Fort Greene. constructed as part of a modernization of U.S. coastal defenses in Rhode Island, was mostly abandoned after World War II concluded.
Fort Greene was constructed as part of a modernization of United States coastal defenses that began in 1940 with the outbreak of war in Europe and the Fall of France, and was intended to protect the approaches to Narragansett Bay and the eastern approach to Long Island Sound. 1 2 The goal was to supersede aging heavy weapons with long-range ex-Navy 16-inch/50 caliber Mark 2 guns, replace lighter weapons with 6-inch guns on high-angle shielded barbette carriages, and construct bunkers to house the 16-inch guns and ammunition magazines to protect against air attack.
Fort Green consisted of: 1 2
- East Reservation (at present-day Fort Greene Army Reserve Center), which consisted of Battery Hamilton/Battery Construction Number (BCN) 108 that had two 16-inch guns;
- West Reservation (at present-day Fishermen’s Memorial State Park), which consisted of BCN 109 that was designed for two 16-inch guns but was never armed and a Plotting, Switchboard, and Radio (PSR) bunker as part of the Coast Artillery fire control system;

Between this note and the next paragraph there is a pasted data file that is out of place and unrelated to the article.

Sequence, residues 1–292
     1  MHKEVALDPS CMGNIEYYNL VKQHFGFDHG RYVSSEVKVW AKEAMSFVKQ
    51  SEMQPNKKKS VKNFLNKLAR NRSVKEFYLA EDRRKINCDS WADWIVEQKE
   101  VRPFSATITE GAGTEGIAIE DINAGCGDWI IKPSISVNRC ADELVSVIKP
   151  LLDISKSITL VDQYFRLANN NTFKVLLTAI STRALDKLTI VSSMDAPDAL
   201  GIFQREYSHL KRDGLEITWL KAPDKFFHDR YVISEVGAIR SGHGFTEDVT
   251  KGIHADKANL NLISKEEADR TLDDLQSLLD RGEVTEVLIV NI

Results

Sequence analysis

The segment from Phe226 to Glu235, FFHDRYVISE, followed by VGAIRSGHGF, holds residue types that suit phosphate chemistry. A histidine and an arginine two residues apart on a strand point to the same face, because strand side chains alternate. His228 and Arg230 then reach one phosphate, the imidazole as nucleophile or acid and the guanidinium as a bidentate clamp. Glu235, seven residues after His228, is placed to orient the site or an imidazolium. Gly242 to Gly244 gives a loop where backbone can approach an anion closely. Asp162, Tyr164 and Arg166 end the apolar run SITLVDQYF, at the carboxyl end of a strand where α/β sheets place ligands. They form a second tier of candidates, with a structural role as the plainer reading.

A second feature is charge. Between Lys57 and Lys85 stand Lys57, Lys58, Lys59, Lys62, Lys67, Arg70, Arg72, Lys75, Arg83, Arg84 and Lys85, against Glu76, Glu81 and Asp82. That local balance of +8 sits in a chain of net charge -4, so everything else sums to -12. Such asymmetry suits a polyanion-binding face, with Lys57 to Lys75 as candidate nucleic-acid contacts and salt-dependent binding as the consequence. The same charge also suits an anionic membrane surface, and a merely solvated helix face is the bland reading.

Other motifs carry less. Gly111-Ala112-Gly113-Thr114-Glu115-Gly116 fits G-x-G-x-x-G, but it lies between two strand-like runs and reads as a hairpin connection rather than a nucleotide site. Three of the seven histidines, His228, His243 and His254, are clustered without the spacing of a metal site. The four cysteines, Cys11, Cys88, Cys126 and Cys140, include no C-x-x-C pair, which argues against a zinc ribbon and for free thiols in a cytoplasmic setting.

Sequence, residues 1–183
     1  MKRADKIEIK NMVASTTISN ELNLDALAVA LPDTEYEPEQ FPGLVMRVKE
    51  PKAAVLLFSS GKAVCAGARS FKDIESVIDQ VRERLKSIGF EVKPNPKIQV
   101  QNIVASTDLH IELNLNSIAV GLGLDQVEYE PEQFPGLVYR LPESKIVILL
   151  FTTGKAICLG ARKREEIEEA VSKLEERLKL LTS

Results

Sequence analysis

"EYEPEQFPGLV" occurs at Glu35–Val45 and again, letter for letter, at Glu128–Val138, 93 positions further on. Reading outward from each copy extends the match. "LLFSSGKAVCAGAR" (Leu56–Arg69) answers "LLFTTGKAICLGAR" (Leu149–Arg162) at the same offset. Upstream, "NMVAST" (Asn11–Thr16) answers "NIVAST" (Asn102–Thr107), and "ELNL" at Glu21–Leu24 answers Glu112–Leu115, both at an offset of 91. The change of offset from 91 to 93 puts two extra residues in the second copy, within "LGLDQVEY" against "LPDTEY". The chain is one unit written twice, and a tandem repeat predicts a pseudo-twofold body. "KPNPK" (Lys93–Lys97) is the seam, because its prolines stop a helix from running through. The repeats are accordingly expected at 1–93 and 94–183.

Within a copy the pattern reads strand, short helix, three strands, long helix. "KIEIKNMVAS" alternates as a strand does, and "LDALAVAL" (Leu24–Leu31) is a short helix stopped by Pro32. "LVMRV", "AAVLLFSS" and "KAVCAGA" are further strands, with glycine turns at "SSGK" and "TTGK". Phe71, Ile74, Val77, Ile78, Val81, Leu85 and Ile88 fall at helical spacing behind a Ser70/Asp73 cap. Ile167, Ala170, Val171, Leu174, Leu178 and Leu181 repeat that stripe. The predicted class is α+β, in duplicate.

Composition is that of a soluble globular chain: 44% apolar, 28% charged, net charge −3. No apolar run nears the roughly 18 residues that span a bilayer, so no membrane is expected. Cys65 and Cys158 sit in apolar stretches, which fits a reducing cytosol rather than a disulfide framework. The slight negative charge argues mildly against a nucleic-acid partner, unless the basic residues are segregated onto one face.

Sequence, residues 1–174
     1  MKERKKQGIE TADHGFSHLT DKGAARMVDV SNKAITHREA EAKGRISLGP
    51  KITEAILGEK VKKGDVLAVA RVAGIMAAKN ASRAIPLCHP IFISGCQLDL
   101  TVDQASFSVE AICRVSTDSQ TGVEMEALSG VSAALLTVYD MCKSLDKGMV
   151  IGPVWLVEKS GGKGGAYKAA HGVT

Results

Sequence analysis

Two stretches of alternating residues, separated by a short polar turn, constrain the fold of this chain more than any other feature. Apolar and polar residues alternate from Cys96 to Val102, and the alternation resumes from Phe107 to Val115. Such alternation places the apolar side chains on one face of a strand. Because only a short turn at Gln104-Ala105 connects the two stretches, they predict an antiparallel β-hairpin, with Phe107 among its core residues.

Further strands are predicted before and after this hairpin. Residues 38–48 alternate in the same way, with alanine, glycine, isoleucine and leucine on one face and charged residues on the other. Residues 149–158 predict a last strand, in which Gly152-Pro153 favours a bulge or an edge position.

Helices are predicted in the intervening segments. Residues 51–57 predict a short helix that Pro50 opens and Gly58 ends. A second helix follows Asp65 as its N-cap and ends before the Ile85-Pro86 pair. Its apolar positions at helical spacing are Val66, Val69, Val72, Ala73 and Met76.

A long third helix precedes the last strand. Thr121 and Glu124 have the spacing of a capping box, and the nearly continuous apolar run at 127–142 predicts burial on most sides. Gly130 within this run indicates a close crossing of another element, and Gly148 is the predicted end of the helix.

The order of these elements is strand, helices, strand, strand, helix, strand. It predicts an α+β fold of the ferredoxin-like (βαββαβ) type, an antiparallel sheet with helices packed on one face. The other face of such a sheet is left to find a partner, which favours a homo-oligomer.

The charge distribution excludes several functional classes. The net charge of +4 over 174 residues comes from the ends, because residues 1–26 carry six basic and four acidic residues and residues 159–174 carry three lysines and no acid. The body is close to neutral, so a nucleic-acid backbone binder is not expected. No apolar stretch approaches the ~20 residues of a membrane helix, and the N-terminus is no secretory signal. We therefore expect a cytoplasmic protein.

- South Reservation (at present-day Fishermen’s Memorial State Park), which consisted of BCN 211 that had two 6-inch guns and four circular concrete platforms for towed 155 mm guns.
In 1947, with World War II over, Fort Greene’s guns were scrapped along with almost all other coast artillery weapons. 1 2
Prior to Fort Greene, several fire control stations were built in Narragansett, disguised as beach cottages at part of the Coast Artillery fire control system. The stations may date from the start of the circa 1900 Endicott Program. Most have been destroyed. One, badly damaged by storms, is near BCN 211 and others have been restored at Camp Varnum National Guard.